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I'm doing an "snmpwalk" to a remote device. In response I get something like this:

.1.3.6.1.2.1.10.127.1.3.3.1.2.215 -> Hex-STRING: 24 37 4C 0C 65 0E 
.1.3.6.1.2.1.10.127.1.3.3.1.2.216 -> Hex-STRING: 24 37 4C 0B A2 DA 
.1.3.6.1.2.1.10.127.1.3.3.1.2.217 -> STRING: "$7L
                                                 f:"
.1.3.6.1.2.1.10.127.1.3.3.1.2.218 -> STRING: "$7L
                                                 k2"

As you can see some variables are of a STRING type, others are Hex-STRING. The correct output would only have Hex-STRING types.

So, I'm wondering whos fault is this? Does the remote device send the variable's type in responce? Or snmpwalk has to guess the type?

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2 Answers 2

up vote 1 down vote accepted

All object types and names are defined in the MIB(s).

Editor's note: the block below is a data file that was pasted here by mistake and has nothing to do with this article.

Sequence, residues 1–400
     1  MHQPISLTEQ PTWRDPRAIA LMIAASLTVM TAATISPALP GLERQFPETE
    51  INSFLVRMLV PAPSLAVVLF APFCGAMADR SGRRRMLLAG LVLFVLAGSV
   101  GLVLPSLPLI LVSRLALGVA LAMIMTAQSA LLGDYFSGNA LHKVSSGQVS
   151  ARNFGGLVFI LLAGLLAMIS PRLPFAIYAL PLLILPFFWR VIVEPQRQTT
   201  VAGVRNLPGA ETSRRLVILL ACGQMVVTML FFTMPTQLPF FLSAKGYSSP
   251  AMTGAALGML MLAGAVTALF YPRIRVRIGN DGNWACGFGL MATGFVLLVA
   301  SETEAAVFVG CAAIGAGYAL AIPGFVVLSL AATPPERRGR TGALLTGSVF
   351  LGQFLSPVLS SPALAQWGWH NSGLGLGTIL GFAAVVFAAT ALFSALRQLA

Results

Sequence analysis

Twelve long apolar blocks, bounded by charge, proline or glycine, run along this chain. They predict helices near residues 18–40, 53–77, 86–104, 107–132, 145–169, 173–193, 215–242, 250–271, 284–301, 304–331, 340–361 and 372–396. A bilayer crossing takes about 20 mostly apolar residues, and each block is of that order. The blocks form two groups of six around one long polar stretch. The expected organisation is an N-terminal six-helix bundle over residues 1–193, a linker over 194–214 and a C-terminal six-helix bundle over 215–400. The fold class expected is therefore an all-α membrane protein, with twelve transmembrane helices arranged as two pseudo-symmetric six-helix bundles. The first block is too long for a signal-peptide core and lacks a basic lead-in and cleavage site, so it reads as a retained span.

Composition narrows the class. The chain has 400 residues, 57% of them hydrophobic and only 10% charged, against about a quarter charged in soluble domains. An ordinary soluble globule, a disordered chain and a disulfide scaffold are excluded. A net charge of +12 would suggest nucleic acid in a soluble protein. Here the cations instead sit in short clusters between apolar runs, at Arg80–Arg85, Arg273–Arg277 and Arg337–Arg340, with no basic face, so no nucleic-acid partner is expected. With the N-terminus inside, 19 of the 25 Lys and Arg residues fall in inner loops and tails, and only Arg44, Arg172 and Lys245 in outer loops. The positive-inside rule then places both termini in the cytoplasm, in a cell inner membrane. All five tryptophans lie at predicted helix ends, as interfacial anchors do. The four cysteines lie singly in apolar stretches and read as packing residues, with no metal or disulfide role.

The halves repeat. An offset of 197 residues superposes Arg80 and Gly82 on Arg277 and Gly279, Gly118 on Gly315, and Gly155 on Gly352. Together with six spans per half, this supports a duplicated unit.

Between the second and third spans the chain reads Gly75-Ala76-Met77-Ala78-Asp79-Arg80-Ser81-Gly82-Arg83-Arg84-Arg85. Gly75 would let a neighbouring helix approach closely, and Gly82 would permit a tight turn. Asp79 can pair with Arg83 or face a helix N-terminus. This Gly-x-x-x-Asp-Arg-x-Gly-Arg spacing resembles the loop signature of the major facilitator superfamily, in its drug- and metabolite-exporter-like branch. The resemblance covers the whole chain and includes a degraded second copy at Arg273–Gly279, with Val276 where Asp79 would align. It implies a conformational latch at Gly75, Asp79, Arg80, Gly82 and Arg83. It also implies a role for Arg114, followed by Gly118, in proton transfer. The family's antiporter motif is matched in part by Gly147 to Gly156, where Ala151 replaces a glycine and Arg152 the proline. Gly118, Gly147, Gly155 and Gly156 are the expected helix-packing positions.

Without MIBs for the OIDs returned, snmpwalk can only show dot-names and raw data values.

Since you only get dot-names (and not MIB-defined object names) in the response, snmpwalk probably guesstimates what the object type is.

You can simply include the relevant (missing) MIB definition somewhere so snmpwalk can load it.

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This mailing list post explains things; per RFC 2579, MIBs can contain a DISPLAY-HINT in their definition of variables. This defines how the data might be displayed; e.g. as a number to 2 decimal places, an ASCII string, etc.

You can pass snmpcmd options to snmpwalk such as -Oa or -Ox to force variables not having a display hint to be interpreted as ASCII or hex respectively; or you can use -d to dump the raw packets. The explanatory text for -Ih is quite informative, too:

disables the use of DISPLAY-HINT information when assigning values. This would then require providing the raw value:

snmpset ... HOST-RESOURCES-MIB::hrSystemDate.0

               x "07 D2 0C 0A 02 04 06 08"

instead of a formatted version:

snmpset ... HOST-RESOURCES-MIB::hrSystemDate.0

               = 2002-12-10,2:4:6.8 

The best place to find fine detail on the SNMP standard is of course the relevant RFCs; the O'Reilly book Essential SNMP is probably worth a read, too.

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